Landscape lens for H3D

asalcedo

New Member
Sorry for asking a very basic question. I am new to Hassleblad.

I am getting an H3D 39 + 80 mm kit.

The 80mm should be good for studio and portraits. Is this correct or is it too wide for portraits?

What is the best lens for portraits?


For landscapes, what is the best lens?

In 35mm I would go for a 28mm maximum focal length.

Comparing the angle of view, the Hasselblad 50mm is equivalent to a 28mm in 35mm format.

Thus, I would settle for the Hasselblad Wide Angle 50mm f/3.5 HC Auto Focus Lens for H Cameras for landscapes.

Am I correct?

Thanks,


Antonio
 

fotografz

Active Member
Hi Antonio.

The H3D/39 has a 1.1X lens factor ... so a 80mm provides the field-of-view of a 88mm ... all of which provides a standard field-of-view like a 50mm does on a 35mm camera. This is fine for environmental portraits where the subject is part of a scene, but can distort a little when used up close and personal.

Hasselblad makes a 150/3.2 which makes for a very nice traditional portrait focal length.
There is a 120/4 Macro also, but it is much larger and razor sharp.

Finally, you may want to investigate the H/C zoom, to cover a bunch of focal lengths.

The wide angles are 28, 35 and 50 ... all of which are quite excellent once processed through Flexcolor using the DAC corrections. Just depends on how wide you want to go, and whether you will want to use film ( the 28mm doesn't cover full frame film shooting). The 50 is actually a 55, and I think produces about a 31mm in 35mm camera terms. The 35mm field of view is approx. a 26mm on a 35mm camera.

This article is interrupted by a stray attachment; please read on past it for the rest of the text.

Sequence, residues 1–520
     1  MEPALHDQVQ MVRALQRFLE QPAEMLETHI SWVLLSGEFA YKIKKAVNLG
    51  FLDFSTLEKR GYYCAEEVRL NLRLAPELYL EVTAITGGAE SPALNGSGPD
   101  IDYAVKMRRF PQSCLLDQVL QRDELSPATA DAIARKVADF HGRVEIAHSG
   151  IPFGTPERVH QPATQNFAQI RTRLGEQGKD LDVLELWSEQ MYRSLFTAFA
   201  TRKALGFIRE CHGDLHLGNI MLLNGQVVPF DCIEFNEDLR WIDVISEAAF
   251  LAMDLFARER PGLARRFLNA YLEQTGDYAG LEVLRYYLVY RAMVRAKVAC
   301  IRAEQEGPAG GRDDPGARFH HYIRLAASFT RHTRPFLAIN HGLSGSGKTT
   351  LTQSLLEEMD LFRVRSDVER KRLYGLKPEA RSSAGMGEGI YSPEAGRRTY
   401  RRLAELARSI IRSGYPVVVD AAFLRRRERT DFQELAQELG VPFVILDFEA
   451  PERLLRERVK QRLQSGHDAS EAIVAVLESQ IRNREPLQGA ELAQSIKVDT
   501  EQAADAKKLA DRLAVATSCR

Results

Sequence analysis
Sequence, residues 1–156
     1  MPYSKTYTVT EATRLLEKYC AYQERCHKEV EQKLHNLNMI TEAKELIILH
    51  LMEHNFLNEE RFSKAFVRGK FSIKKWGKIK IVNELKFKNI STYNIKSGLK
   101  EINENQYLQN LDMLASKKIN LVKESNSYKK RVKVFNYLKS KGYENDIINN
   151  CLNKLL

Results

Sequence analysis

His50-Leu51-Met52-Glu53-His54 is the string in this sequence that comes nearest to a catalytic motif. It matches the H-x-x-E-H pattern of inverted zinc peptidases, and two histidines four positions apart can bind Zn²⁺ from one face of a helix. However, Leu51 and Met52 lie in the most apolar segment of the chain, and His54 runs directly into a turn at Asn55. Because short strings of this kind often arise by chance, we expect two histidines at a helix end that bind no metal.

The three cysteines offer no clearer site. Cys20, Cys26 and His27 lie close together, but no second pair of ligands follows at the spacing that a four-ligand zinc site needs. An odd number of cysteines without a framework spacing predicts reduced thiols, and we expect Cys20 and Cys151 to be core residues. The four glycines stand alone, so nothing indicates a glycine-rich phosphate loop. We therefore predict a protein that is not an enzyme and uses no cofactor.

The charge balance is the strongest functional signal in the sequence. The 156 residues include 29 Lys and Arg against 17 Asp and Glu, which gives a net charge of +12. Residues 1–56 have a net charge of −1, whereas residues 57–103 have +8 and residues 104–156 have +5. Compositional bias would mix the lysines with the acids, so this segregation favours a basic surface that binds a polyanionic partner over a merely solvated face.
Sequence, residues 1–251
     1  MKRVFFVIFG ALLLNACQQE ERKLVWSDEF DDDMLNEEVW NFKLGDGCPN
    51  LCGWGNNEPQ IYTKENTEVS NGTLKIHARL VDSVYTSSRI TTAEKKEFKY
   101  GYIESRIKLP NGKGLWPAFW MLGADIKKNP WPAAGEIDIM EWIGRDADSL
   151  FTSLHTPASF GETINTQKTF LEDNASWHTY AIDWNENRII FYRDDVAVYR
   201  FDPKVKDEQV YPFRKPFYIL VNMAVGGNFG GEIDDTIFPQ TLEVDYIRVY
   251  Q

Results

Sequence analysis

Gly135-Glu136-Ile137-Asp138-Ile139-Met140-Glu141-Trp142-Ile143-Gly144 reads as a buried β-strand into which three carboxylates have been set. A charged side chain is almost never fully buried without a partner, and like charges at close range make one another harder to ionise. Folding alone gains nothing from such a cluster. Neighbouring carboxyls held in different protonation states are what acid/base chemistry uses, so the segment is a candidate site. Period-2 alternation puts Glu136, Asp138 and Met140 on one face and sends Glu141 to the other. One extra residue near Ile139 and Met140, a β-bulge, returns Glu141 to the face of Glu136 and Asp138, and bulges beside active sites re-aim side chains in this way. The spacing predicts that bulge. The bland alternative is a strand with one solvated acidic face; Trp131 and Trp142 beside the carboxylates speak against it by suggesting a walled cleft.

asalcedo

New Member
Thank you Marc again.

I just ordered the 150/3.2 that is the equivalent to my Canon 85mm which is indeed an ideal lens for portraits.

I have gone for the 50mm for landscape. It equates to 28mm on a 35mm camera, which for me is wide enough (for now).

I am now looking forward to put all this gear to work.

Kind regards,

Antonio
 

mark1958

New Member
>I am selling a mint 1.5 year old 35mm HC boxed and ready to go if >anyone is interested. It is a great lens but i decided on the 28mm >for the H3DII-31, which has a cropped sensor relative to the 39
 

antsyl

New Member
Hi Antonio.

The H3D/39 has a 1.1X lens factor ... so a 80mm provides the field-of-view of a 88mm ... all of which provides a standard field-of-view like a 50mm does on a 35mm camera. This is fine for environmental portraits where the subject is part of a scene, but can distort a little when used up close and personal.

Hasselblad makes a 150/3.2 which makes for a very nice traditional portrait focal length.
There is a 120/4 Macro also, but it is much larger and razor sharp.

Finally, you may want to investigate the H/C zoom, to cover a bunch of focal lengths.

The wide angles are 28, 35 and 50 ... all of which are quite excellent once processed through Flexcolor using the DAC corrections. Just depends on how wide you want to go, and whether you will want to use film ( the 28mm doesn't cover full frame film shooting). The 50 is actually a 55, and I think produces about a 31mm in 35mm camera terms. The 35mm field of view is approx. a 26mm on a 35mm camera.
Hello, you mentioned Flexcolor and DAC. Being new to Hassy digital, can you tell me what this is and how I can get it?
thanks
antsyl
 

Ed Bray

New Member
Flexcolor is one of the software programs available from (along with Phocus) which is available free from the Hasselblad website after registering.

Dac is the lens corrections availble with the programs to correct for any abnormalities or aberations from the use of a particular lens.
 
Top